surrendered than during the battle. He survived only because of the Masonic symbols he had drawn on his hat. While huddled with other soldiers that had surrendered, he suddenly realized a Union soldier had a rifle pointed at him. He quickly stepped behind a Union guard to avoid certain death. Wondering what he could do to preserve his life he noticed a Union officer with a Masonic emblem on his hat. He pointed out the soldier that had attempted to shoot him to the Union officer. The officer hit the soldier on the head with his pistol. When the solder started to run back over the breastworks the Union officer shot him and commented that he had done three others the same way.

Throughout history, war has brought out both the best and worst qualities of men. The heat of battle has resulted in many thousands of men being needlessly slain. In spite of facing tremendous odds and being the defenders instead of the aggressors, it is to the credit of Confederate soldiers that the vast majority of them followed a code of honor that is unequaled in the annals of war. The northern version of the history of the War Between the States attempts to blame some Confederate units and leaders with having assassinated Union soldiers after they had surrendered. It is not surprising that Union historians would make such statements as it is difficult for them to explain why it took a force that outnumbered the Confederate Army by three to one, nearly four years to defeat them. The north has never understood the Southern fighting spirit. They do not understand the "code of honor" and "devotion to duty" that dictated behavior for our gallant ancestors. It is obvious today they do not want to!

The Bugle Call
By David E. Curtis, Commander

Our highest calling and greatest duty as SCV members is to answer the Charge of Lt. Gen. Stephen Dill Lee given to us in 1896. Please read it - study it and live by it daily.
"Duty is the sublimest word in our language. Do your duty in all things. You cannot do more. You should never wish to do less" Gen. Robert E. Lee --- CSA.

Your Obedient Servant,
David E. Curtis, Commander

See accompanying article on the true "Charge" of Lt. Gen. S.D. Lee on page 6 of the Highlander Dispatch. The actual charge was given in 1906 at the United Confederate Veterans reunion in New Orleans, Louisiana. The United Confederate Veterans now the Sons of Confederate Veterans was founded in Richmond, Virginia, on June 30th, 1896.

Hispanic Heritage Month

September 15th through October 15th.

This is to honor the contributions of this people and the contributions of those Confederates that relocated to Latin America.

(This information was prepared by the Education Committee
of the Sons of Confederate Veterans)
o The Cuban patriot Narciso López approached Mexican War heroes Jefferson Davis and Robert E. Lee in 1848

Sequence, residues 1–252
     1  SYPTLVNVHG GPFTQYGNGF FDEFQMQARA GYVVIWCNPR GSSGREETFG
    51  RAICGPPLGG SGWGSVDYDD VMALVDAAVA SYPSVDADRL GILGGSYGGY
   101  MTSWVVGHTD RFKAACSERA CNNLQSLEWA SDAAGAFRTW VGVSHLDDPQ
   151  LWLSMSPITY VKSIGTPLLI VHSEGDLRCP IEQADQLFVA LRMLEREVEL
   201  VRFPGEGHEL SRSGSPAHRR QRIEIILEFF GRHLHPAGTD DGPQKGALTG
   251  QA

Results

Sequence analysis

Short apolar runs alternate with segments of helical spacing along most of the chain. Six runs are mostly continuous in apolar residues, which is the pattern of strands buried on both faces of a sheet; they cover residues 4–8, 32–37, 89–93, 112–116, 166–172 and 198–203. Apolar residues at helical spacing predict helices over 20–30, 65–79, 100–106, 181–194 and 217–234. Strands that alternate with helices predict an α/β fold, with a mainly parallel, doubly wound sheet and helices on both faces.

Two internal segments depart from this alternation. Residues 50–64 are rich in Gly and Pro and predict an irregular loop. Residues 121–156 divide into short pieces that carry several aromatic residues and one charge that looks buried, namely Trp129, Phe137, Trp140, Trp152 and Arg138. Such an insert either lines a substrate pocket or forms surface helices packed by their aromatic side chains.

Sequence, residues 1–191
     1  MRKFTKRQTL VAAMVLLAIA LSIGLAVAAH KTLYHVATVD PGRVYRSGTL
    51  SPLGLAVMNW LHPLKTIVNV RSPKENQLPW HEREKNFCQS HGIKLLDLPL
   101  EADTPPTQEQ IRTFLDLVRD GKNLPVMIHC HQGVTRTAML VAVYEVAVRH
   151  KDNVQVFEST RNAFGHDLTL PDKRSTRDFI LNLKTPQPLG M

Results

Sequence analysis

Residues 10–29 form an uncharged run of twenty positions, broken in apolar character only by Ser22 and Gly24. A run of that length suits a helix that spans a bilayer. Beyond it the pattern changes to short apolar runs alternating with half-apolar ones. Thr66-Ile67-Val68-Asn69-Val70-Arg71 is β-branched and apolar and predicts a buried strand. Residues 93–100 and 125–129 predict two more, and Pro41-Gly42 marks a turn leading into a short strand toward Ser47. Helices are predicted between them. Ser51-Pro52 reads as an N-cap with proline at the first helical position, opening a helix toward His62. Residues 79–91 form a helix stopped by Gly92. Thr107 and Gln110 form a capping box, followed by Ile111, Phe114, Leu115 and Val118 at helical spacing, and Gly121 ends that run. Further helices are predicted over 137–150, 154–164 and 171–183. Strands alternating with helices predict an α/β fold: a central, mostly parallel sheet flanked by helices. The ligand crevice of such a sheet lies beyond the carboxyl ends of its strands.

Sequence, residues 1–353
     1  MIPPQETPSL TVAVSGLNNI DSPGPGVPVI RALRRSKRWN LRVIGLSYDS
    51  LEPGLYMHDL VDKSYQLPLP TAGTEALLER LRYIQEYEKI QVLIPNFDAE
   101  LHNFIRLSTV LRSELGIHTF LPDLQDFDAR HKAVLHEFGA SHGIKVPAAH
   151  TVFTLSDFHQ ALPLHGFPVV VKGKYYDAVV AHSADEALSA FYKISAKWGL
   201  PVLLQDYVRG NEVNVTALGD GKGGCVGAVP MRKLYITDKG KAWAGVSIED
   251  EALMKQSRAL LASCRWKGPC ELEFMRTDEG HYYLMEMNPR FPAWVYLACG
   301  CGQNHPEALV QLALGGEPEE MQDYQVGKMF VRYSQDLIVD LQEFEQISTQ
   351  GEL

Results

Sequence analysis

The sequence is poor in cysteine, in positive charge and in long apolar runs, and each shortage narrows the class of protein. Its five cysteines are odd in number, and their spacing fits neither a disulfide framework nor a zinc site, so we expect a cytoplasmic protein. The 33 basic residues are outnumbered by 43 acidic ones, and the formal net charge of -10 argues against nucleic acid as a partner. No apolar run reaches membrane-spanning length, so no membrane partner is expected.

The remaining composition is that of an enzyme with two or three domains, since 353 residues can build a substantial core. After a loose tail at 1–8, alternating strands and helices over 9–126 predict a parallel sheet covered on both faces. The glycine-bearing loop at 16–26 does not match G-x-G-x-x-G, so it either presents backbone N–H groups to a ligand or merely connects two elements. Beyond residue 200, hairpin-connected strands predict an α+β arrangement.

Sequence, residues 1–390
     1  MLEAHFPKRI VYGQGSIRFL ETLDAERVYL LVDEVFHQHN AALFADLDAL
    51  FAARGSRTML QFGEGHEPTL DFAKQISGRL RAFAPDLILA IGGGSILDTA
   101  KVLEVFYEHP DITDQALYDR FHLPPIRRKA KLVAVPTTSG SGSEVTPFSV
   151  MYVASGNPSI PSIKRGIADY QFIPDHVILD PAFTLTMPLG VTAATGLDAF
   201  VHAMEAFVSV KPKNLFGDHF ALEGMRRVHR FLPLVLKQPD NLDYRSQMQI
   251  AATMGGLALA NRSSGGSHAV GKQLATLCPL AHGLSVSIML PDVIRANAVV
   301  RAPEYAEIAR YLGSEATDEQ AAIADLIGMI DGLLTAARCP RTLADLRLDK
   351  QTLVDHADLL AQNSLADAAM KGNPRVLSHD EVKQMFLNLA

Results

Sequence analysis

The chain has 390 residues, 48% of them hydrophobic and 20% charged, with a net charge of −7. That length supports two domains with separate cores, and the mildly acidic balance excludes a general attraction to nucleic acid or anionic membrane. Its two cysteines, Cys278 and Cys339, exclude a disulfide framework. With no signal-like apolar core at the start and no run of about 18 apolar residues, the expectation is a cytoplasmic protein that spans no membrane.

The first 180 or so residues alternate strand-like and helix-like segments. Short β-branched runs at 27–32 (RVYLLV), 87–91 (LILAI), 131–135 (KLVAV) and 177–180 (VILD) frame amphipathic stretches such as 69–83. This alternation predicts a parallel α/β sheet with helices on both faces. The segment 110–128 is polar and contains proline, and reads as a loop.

with the request to head a liberation army to free Cuba
from Spain -- Lee seriously considered the offer, but
turned it down.

o José Agustín Quintero, a Cuban poet and
revolutionary, ably served Confederate President
Jefferson Davis as the C.S. Commissioner to Northern Mexico, ensuring critical supplies from Europe flowed through Mexican ports to the CSA.

o Santiago Vidaurri, governor of the border states of Coahuila and Nuevo León, offered to secede northern Mexico and join the Confederacy; Jefferson Davis
declined, afraid the valuable "neutral" Mexican ports
would be then blockaded.

o The Spanish inventor Narciso Monturiol offered the Confederacy his advanced submarine Ictineo to smash
the Federal blockade. Never purchased, Jules Verne apparently based the Nautilus on this, the world's most advanced vessel of the day.

o Ambrosio José González, a famous Cuban
revolutionary, served Confederate general P.G.T. Beauregard as his artillery officer in Charleston; earlier,
in New York, he helped design the modern Cuban and (inversed) Puerto Rican flags.

o The Mexican Santos Benavides, a former Texas ranger, commanded the Confederate 33rd Texas Cavalry, a Mexican- American unit which defeated the Union in the 1864 Battle of Laredo, Texas. He became the only
Mexican C.S. colonel.

o Thomas Jordan, a Confederate general responsible for early codes used in spying on Washington, after the war led the Cuban revolutionary army as Commander-in- Chief, training its generals and in 1870 routing the Spaniards at two-to-one odds.

o Lola Sanchez, of a Cuban family living near St. Augustine, had her sisters serve dinner to visiting Federals, while she raced out at night and warned the nearest Confederate camp. The Yankees thus lost a general, his unit and a gunboat the next day.

(HISPANIC HERITAGE continued Page 4)